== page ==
DUBLIN, Jan. 27 (Xinhua) -- A national campaign was launched in Ireland on Monday to address the HIV (human immunodeficiency virus)-related stigma in the country.
Organized by Health Service Executive (HSE), a state agency responsible for public health in Ireland, the campaign is aimed at removing the negative attitudes towards people living with HIV, said Maeve O'Brien, an official with the HSE.
During the campaign, posters with the tagline "Effective treatment means you can't pass HIV onto partners" will appear in public transport, social venues, and college locations as well as on digital platforms across the country, said the HSE in a press release, adding that the campaign also references the global U=U campaign, which stands for undetectable equals untransmittable, meaning reducing the level of virus in the body to an undetectable level so that HIV cannot be transmitted to sexual partners.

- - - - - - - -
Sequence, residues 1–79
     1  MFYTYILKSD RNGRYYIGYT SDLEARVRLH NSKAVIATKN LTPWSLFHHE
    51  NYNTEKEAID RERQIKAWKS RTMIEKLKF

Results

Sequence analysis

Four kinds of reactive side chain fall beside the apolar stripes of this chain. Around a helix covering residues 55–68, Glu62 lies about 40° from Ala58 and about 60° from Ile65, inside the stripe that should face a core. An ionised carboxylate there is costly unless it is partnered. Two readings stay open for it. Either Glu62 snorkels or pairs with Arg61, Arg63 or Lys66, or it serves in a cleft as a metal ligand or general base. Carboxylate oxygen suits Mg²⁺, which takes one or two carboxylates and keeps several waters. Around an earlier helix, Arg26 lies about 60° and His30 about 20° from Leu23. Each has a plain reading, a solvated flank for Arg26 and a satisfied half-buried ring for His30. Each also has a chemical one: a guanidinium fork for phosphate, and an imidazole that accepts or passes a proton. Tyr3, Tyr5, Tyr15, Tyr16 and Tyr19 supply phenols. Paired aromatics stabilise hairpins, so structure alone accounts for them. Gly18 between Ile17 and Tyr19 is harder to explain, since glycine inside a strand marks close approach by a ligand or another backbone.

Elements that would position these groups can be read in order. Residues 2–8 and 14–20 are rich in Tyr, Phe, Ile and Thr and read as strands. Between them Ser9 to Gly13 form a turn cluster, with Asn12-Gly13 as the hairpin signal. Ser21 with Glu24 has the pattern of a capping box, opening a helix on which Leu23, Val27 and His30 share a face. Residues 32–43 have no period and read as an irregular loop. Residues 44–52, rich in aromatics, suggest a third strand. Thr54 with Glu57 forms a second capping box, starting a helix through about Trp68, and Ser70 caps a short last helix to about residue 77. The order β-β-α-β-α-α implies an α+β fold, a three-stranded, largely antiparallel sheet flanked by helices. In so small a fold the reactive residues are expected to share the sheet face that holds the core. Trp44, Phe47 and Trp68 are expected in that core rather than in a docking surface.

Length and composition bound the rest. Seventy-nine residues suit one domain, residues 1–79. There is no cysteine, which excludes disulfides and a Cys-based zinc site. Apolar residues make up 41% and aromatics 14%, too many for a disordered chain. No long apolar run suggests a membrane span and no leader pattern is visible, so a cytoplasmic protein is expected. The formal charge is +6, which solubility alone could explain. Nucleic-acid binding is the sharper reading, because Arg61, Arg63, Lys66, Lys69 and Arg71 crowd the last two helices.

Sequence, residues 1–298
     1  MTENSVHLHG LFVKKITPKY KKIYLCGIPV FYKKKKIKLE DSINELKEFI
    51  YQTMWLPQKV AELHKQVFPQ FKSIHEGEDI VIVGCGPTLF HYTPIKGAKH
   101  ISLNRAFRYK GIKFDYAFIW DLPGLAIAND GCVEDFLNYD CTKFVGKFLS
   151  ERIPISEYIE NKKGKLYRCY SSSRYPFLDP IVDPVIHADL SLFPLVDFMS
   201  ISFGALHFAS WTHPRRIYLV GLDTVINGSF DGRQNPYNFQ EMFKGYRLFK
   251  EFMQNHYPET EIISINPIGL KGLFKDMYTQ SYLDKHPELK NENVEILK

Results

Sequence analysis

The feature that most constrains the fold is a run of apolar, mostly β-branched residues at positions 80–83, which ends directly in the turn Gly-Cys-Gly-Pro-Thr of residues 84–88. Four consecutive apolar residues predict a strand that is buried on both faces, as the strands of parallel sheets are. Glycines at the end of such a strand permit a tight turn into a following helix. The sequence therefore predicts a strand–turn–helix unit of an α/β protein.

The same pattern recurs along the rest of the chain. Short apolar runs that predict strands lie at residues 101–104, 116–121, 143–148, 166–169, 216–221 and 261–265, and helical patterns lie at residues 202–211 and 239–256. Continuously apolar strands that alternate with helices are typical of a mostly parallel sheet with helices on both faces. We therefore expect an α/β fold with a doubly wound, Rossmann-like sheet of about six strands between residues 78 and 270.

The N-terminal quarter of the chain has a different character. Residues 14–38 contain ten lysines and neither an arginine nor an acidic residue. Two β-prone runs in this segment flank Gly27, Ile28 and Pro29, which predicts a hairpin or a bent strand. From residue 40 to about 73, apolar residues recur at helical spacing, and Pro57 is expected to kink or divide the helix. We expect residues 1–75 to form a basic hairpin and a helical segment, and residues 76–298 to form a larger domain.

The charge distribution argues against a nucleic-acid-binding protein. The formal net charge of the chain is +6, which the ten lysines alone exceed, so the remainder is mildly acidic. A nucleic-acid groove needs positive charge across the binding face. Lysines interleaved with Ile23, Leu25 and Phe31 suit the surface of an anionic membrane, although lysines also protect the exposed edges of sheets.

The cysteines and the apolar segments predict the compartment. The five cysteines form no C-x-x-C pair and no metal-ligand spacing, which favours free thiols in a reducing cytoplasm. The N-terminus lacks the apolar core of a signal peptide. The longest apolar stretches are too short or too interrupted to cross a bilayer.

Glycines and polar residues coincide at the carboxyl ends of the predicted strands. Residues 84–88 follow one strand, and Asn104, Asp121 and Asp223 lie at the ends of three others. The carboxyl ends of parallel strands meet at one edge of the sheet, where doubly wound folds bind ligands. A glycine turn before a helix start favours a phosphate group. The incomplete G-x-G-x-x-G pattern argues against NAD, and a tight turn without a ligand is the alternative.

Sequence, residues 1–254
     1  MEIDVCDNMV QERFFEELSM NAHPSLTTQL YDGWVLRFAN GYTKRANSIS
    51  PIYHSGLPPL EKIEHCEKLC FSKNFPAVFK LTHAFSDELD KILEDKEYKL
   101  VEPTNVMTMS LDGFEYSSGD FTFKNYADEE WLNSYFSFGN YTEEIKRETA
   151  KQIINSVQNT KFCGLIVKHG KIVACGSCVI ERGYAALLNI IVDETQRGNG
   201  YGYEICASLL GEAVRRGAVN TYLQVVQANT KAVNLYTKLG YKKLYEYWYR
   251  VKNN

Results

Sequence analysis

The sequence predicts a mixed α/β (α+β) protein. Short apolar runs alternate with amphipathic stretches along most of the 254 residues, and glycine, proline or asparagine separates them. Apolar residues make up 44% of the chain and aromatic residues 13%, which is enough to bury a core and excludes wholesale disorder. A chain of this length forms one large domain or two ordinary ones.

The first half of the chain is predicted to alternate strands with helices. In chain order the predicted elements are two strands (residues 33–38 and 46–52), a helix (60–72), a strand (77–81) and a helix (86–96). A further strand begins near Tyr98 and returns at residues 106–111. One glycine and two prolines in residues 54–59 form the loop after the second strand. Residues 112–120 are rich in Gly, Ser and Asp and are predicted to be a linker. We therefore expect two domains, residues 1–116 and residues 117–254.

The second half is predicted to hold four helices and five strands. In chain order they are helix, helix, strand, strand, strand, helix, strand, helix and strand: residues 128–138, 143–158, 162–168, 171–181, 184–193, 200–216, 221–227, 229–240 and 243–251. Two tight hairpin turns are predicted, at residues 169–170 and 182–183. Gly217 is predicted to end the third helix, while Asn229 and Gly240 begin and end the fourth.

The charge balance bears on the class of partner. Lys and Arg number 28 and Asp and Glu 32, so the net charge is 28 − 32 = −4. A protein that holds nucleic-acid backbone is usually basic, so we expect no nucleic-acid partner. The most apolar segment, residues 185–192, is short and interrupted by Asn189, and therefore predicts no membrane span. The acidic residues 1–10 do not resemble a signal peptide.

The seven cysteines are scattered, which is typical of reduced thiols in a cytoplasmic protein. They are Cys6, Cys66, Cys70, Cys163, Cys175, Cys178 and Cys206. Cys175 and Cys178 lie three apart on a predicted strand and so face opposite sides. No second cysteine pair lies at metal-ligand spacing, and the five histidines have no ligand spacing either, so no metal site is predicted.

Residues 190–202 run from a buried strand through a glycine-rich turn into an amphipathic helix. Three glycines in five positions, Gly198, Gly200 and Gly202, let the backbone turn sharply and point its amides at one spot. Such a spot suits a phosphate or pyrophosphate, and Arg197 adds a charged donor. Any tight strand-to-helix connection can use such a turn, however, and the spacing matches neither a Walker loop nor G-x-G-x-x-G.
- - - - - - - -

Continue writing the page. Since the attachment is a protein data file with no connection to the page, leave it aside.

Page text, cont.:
Developed by the HSE in consultation with local community groups and sexual health non-governmental organizations, the campaign is funded by the Irish Department of Health as part of the HIV Fast Track Cities Initiative.
"There is still a lack of understanding around HIV and what it means to live with HIV today and it's important to address this. This public awareness campaign will improve people's understanding of HIV and highlight the importance of early testing and treatment for HIV," said O'Brien at the launch ceremony of the campaign.
According to the HSE, a record number of 531 people were diagnosed with HIV in Ireland in 2018 with historical data showing a rising tendency in the number of new HIV cases found each year in the country since 2011.